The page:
Does anyone have opinions on the book "learning reading in 100 easy lessons" ??? (is that strictly phonics...it stinks being new to all this curriculum stuff and having to figure it all out)

StartingOver
03-23-2011, 01:08 PM
I remember learning to read, my mother taught me phonics at home. Long before she sent me to school. But I do remember phonics in school too. My first experience with Whole Language was when my little sister attended school, she is 8 years younger than I am, so 34 now. This was in Alaska. I do remember it didn't stay long there, the parents were very upset about the change in our area.

farrarwilliams
03-23-2011, 01:12 PM
Yeah, I think that's basically whole language. I think a lot of the original intention with whole language was the belief (which, as I understand it, seemed to be born out by studies at that time, but which has since been refuted somewhat in studies that have shown that phonics simply brings a larger portion of kids to reading better) that the interaction between the teacher and the child was the most important aspect of learning to read and therefore a tailored approach or an approach that was more freeform would work better.

I don't know a lot about how "whole language" was implemented in the public schools - I went to a small private school that practiced whole language as a kid and it was practiced much as I described with a lot of games, invented spelling writings, etc. By the time my brother went to public school, they had swung back around and he got all phonics. But I suspect that, like most things that are complex, when it went into schools it got oversimplified and morphed into this approach where kids are memorizing the "whole word" as a sight word. Certainly nowadays, that's a necessary element. Both phonics and whole language assume that kids won't read on a set timetable - with phonics because it's a slow approach that builds and relies on starting only when kids can properly blend and whole language because it assumes that kids will have a sort of magic "getting it" moment that may come as late as 8 or 9 years old. But by teaching kids word by word, the schools can much more easily guarantee that kids will be reading in time to pass those standardized tests. It also gives them something to put in the textbooks other than amorphous whole language activities.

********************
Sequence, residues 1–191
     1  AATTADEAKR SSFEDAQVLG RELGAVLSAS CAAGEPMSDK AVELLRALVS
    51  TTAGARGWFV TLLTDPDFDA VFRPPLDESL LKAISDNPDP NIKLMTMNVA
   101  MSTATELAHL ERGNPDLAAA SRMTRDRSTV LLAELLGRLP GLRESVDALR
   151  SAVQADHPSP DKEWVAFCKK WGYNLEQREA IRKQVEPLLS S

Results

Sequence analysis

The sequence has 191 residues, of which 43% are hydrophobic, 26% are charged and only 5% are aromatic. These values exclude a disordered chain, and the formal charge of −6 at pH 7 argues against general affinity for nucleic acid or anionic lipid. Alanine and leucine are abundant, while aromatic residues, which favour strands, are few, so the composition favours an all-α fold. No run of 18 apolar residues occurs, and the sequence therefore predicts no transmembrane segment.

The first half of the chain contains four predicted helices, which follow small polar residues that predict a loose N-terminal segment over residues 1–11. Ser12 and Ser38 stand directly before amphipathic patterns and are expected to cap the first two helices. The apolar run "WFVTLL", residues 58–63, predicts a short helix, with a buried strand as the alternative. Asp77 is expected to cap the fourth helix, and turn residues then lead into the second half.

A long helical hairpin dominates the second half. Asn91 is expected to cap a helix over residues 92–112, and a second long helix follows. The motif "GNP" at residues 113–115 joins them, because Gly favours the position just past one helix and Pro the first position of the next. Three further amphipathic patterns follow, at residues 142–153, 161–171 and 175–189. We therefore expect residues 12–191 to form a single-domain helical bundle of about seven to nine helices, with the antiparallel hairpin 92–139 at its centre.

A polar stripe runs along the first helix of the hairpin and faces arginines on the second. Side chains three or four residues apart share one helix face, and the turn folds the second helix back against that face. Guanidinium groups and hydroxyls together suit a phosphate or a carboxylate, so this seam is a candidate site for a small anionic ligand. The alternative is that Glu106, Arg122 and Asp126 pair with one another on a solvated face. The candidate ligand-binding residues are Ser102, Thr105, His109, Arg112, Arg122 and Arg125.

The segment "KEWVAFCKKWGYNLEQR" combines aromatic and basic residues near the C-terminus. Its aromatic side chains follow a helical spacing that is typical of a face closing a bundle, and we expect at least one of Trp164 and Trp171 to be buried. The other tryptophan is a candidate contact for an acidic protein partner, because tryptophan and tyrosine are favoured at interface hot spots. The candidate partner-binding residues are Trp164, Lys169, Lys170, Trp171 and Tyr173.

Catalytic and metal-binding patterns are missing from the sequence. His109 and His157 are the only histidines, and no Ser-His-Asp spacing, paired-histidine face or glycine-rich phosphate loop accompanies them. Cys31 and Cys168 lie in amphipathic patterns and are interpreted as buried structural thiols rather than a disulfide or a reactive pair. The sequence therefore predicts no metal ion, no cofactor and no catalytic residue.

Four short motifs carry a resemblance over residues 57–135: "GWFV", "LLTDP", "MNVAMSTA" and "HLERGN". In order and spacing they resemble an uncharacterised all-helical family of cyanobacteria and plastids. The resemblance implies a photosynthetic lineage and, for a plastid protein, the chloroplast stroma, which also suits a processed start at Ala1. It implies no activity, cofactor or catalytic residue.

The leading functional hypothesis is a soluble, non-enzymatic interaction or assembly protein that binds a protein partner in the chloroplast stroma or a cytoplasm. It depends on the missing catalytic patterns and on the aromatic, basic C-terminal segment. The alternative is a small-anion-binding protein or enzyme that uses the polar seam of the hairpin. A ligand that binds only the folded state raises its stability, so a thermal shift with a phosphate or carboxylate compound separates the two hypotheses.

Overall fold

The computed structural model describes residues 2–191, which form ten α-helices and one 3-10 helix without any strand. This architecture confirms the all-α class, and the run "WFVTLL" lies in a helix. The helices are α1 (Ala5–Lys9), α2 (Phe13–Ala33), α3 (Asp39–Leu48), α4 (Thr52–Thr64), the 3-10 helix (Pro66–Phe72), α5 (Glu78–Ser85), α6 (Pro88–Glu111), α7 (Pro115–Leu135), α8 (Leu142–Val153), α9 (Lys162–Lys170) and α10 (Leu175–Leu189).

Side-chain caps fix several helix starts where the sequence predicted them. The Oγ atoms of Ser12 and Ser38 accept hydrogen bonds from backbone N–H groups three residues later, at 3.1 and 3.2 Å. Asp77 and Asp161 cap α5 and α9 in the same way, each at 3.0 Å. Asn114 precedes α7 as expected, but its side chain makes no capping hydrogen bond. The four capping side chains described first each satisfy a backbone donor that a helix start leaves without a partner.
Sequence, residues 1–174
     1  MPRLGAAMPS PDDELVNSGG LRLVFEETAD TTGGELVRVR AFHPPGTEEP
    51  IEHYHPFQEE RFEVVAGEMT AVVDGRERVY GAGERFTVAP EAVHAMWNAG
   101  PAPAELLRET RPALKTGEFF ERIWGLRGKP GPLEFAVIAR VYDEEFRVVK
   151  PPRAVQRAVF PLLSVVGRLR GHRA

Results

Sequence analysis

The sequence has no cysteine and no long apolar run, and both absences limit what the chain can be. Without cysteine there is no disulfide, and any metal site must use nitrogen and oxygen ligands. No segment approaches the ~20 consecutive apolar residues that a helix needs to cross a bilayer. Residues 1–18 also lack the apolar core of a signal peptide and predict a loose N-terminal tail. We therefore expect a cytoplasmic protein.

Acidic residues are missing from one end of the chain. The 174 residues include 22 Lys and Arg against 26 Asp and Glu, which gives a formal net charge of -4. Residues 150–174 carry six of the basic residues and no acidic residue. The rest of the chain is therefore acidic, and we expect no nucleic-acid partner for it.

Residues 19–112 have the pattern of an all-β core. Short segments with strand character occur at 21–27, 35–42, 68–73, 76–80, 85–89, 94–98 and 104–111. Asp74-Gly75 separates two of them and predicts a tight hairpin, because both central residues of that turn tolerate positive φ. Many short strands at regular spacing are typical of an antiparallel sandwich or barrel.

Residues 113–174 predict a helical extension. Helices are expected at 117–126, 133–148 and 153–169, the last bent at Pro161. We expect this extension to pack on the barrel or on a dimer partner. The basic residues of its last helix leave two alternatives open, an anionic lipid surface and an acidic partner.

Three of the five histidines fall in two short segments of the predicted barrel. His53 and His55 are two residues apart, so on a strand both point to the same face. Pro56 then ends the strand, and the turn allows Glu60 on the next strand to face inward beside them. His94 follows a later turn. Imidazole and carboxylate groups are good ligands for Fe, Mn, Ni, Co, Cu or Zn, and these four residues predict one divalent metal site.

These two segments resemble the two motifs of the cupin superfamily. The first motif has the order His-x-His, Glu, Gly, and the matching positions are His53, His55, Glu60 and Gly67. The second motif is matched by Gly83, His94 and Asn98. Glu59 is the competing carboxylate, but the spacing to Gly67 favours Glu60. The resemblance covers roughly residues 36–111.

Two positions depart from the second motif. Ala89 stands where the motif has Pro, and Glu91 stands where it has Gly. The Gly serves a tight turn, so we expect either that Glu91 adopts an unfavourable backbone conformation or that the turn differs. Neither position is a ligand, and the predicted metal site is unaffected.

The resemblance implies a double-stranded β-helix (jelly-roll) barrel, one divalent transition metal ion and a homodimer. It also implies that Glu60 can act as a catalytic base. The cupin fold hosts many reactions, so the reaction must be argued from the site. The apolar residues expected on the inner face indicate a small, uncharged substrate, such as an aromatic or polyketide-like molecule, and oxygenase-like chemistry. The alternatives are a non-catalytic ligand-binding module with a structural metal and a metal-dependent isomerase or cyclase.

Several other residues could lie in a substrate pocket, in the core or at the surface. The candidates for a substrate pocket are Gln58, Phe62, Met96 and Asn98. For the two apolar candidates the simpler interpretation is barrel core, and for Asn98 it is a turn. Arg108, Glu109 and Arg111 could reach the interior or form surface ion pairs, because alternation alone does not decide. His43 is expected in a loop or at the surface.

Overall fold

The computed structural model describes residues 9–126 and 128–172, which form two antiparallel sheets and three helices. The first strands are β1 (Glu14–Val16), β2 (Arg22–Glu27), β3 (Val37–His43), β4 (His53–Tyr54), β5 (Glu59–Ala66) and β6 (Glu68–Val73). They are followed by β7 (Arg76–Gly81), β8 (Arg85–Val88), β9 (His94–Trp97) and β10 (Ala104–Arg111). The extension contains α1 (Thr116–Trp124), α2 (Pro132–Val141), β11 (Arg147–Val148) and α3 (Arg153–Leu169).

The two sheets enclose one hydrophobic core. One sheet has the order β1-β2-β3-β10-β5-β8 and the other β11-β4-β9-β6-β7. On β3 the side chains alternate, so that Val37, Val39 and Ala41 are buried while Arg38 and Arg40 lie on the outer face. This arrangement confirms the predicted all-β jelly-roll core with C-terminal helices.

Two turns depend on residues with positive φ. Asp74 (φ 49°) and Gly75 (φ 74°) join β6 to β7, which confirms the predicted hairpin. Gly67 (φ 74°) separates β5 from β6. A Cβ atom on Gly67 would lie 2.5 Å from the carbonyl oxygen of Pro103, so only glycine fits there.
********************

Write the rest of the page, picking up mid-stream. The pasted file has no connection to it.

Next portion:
I'm curious then if we are (in your opinion) doing whole language in our house?

1) we memorize sight words
2) we do some phonics work
3) we have journals the kids write in that has no rules. They just write whatever they want (including made up words, mis-spelled words & pictures)

jeliau
03-23-2011, 03:59 PM
Anyhow, I wouldn't be suprised if someone decided somewhere down the road that he did fit on the spectrum.

Wow, this is SO my ds! Just yesterday in therapy the doc asked to check him AGAIN for the spectrum. We move so much and every time they test him, but like your son, he's always too social, etc. We're going on Tuesday to retest and see where he is *this year* and they're also going to IQ test him. He's been diagnosed ADHD (emphasis on the H) since 4-years-old, then they thought maybe bi-polar, but have all settled for years on just ADHD with some sensory integration issues.

Jeliau

Mom to dd (24), dd (21), homeschooled ds (9), gd (1)

Batgirl
03-23-2011, 04:50 PM
No, kids on the spectrum vary in this respect. I have a friend whose asd boys were very "sight word" oriented and learned that way but my son's reading really only started to improve when we started to emphasize phonics more heavily. I did have him memorize the most common sight words (and, the, we, etc.) but that's not how he learned to read. Emphasizing sight words just made him think that he could guess what a word was. Phonics taught him that he could figure it out by sounding. I really think it depends on the child,

Anderags
03-23-2011, 05:29 PM
I sure I am coming at this from a very naive angle, I very new to homeschooling, but wouldn't it just be about how your child processes info best? My auditory learner does phonics and blending and catches on to that process quickly, and my visual learner gets sight words faster. I tend to teach them both because we usual work on reading all together, but I can definitely see the difference in how they pick up the info and use it.